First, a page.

Breast Cancer Research - PET Scan

Can a PET scan be used for early detection of some forms of breast cancer?

A collaborative pilot study between Stony Brook Cancer Center’s bioimaging department and Brookhaven National Laboratory (BNL) in New York is funded by the U.S. Department of Energy. The focus of the study is to learn new ways to detect breast cancer before it is visible using standard imaging modalities such as a mammogram, MRI and/or ultrasound. 

Led by BNL’s senior scientist Anat Biegon, PhD, with Stony Brook’s Jules Cohen, MD, the study uses radiotracers to image aromatase, an enzyme responsible for the production of estrogen. Because 50 to 60 percent of women with breast cancer have a form that is estrogen-positive, being able to identify and track this enzyme could have wide implications for treatment. In addition, it may yield new information about alternative uses of aromatase inhibitors ‑ compounds that can slow or stop the production of estrogen. Aromatase inhibitors currently are used in follow-up treatment for patients with breast cancer to cut down on the recurrence rates of cancer.

For the study, women with new diagnoses of breast cancer who have not yet had surgery or begun treatment undergo a PET scan. They are given the radiotracer vorozole, a compound that binds to aromatase, to help detect whether the enzyme is expressed. Researchers then review the results to see if they can diagnose breast cancer from the scans. To date, they have been able to.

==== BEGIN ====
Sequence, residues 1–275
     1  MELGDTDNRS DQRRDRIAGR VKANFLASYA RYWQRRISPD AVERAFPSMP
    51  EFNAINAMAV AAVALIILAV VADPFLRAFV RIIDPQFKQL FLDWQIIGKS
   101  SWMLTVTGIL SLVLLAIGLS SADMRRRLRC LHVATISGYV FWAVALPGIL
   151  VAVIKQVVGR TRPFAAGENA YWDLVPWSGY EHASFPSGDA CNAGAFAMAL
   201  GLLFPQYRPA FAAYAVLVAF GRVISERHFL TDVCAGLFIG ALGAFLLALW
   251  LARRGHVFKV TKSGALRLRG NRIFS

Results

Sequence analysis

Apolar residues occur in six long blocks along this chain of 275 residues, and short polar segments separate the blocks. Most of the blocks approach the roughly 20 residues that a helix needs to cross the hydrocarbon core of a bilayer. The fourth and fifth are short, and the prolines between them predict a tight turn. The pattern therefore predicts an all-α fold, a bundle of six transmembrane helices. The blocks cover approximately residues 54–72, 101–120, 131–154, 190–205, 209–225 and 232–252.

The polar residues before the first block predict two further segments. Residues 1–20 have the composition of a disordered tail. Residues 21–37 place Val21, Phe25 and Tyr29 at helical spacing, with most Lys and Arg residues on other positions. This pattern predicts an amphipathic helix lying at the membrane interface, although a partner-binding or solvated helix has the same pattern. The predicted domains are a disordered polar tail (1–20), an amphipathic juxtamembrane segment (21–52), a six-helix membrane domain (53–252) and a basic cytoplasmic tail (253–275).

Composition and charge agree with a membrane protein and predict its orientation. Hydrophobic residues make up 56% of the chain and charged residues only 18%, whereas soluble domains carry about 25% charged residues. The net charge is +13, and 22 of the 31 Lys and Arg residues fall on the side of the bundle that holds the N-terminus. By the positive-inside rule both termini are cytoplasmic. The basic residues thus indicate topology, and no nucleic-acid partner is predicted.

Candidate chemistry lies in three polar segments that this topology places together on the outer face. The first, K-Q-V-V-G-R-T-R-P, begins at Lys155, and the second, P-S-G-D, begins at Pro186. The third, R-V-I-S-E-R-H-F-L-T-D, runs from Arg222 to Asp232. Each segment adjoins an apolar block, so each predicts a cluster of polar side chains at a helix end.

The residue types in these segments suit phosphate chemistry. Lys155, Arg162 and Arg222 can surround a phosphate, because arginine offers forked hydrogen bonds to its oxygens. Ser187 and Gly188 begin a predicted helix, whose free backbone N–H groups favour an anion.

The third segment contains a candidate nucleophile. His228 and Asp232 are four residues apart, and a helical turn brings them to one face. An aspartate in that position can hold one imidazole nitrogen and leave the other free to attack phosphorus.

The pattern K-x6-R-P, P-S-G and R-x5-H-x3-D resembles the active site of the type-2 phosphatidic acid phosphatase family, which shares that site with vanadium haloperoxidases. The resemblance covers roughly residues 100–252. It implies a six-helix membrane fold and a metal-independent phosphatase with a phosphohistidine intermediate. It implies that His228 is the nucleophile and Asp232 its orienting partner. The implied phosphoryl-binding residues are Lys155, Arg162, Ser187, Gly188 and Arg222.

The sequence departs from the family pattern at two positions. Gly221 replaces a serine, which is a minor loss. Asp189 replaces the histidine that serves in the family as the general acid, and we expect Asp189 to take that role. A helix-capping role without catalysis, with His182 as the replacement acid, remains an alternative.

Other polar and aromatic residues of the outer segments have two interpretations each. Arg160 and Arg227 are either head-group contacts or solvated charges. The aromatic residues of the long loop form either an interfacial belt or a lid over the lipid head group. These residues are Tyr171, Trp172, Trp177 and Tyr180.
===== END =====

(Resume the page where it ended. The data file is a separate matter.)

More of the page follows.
“Our premise is that if we can detect known breast cancer with this receptor, it may have multiple applications, including early detection,” says Dr. Cohen. “However, we may also be able to use this modality to monitor a patient’s responsiveness while using an aromatase inhibitor to ensure appropriate dose and optimal benefits. We might also be able to use it to monitor the therapy of patients with metastatic cancer as well.” Dr. Cohen believes this study is just the tip of the iceberg. He envisions using different radiotracers with a PET scanner to detect neuroinflammation, or inflammation of the brain, in order to see which areas of the brain have been affected by chemotherapy. “This will allow us to make objective assessments of cognition and better understand what people call ‘chemo brain’ or ‘chemo fog,’ which has long been considered one of the major side effects of chemotherapy.”